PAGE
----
Media bosses have told MPs the proposed TVNZ-RNZ merger is riddled with problems.
Front and centre is the perception of a lack of editorial independence from the Government.
The heads of New Zealand's biggest six media organisations submitted to a parliamentary Select Committee on Thursday, and every single one had concerns about the Government's mega media merger.
It's a plan to merge TVNZ and RNZ into one company. The rest of the sector, one after another, voiced concerns it will create a behemoth able to undercut advertising prices and poach key talent with over-inflated salaries.
"It gives it a scale and size that no other local commercial operator could ever in their wildest dreams compete with," said MediaWorks chief executive Cam Wallace.
"[It's] a flawed process and it risks seriously destabilising the already fragile media landscape," said Shayne Currie, managing editor at NZME.
"It really makes it a very serious threat to our viability and the viability of the rest of the industry," said Sinead Boucher, the chief executive of Stuff.
The new entity - known as Aotearoa New Zealand Public Media or ANZPM - is getting a monster cut of NZ on Air funding, funding that used to be contestable, available to all media outlets.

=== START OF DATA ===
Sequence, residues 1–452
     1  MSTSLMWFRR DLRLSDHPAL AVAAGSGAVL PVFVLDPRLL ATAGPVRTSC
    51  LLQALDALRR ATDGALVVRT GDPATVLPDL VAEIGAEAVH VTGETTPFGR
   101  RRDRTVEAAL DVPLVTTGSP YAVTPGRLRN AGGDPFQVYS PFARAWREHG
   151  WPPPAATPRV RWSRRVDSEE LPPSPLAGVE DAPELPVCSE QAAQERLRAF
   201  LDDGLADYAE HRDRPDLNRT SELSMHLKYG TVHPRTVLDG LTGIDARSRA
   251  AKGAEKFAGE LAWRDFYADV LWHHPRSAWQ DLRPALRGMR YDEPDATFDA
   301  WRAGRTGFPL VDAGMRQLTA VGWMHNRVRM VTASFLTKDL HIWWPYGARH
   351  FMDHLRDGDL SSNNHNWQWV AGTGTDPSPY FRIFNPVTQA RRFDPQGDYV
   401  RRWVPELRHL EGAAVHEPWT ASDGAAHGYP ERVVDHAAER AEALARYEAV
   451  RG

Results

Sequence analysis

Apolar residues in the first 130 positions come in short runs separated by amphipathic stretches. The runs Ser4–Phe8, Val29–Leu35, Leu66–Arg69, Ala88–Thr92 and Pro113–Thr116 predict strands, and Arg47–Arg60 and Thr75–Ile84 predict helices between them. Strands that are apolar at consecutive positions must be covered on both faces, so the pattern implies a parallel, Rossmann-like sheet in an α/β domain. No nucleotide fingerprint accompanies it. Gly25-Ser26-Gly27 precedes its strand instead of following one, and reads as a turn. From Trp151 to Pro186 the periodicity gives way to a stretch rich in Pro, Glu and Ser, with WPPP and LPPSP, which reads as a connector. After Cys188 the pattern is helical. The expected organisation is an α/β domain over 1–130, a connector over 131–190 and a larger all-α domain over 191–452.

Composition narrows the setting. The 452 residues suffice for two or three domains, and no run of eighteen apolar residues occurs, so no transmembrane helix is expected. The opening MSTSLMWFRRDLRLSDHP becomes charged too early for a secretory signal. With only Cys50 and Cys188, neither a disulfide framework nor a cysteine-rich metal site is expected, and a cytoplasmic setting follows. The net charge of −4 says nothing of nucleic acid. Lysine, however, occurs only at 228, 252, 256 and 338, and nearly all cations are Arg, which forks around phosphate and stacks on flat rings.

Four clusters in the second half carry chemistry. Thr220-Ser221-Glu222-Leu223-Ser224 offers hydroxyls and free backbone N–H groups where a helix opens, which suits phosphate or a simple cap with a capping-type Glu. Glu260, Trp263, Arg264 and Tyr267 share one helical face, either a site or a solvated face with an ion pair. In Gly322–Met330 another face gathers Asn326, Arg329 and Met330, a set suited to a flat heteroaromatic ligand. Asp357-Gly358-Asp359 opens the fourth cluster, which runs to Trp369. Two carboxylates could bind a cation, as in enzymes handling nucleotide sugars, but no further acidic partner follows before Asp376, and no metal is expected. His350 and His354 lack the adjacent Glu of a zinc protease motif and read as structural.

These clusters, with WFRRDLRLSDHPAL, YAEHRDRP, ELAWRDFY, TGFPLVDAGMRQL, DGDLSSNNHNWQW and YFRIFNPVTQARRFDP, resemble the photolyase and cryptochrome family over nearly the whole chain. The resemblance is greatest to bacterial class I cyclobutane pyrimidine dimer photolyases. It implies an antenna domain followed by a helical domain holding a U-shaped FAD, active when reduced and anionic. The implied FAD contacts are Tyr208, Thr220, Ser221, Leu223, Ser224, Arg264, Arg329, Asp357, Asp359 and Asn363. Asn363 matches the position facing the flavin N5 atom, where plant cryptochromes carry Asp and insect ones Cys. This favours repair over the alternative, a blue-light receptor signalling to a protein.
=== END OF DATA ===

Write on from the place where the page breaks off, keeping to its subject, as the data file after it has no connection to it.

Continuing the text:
Warner Brothers Discovery - which owns Three and Newshub - has suggested any profits should be reinvested into NZ on Air.
"We suggest that a portion of the commercial surpluses that the new entity makes is reinvested back into a contestable fund the ANZPM cannot access," said Glen Kyne, the senior vice president and head of networks, Japan, Australia, New Zealand & Pacific Islands.
Among the media bosses, and breaking up all the Zoom gloom, was a non-media submitter who offered a quick musical interlude.
"The children of New Zealand need to have their voices heard," sang Claudia Gunn.
MPs heard the voices of the to-be merged state broadcasters loud and clear. Both argue there is not explicit enough editorial independence.
"The Bill does require strengthening to safeguard, champion and prioritise the entity's independence and integrity," said RNZ chief executive Paul Thompson.
TVNZ is concerned the way the Bill is written gives far too much power to the responsible minister.
"The last time that power existed was in the 1970s under the Muldoon Government. I think we would all agree that that is probably not the greatest place we want to be thinking about," said Simon Power, TVNZ chief executive.
At a time when there is global growing distrust in media due to, among other things, disinformation around government funding and influence, protecting editorial independence and quelling even any perception of government overreach is absolutely paramount.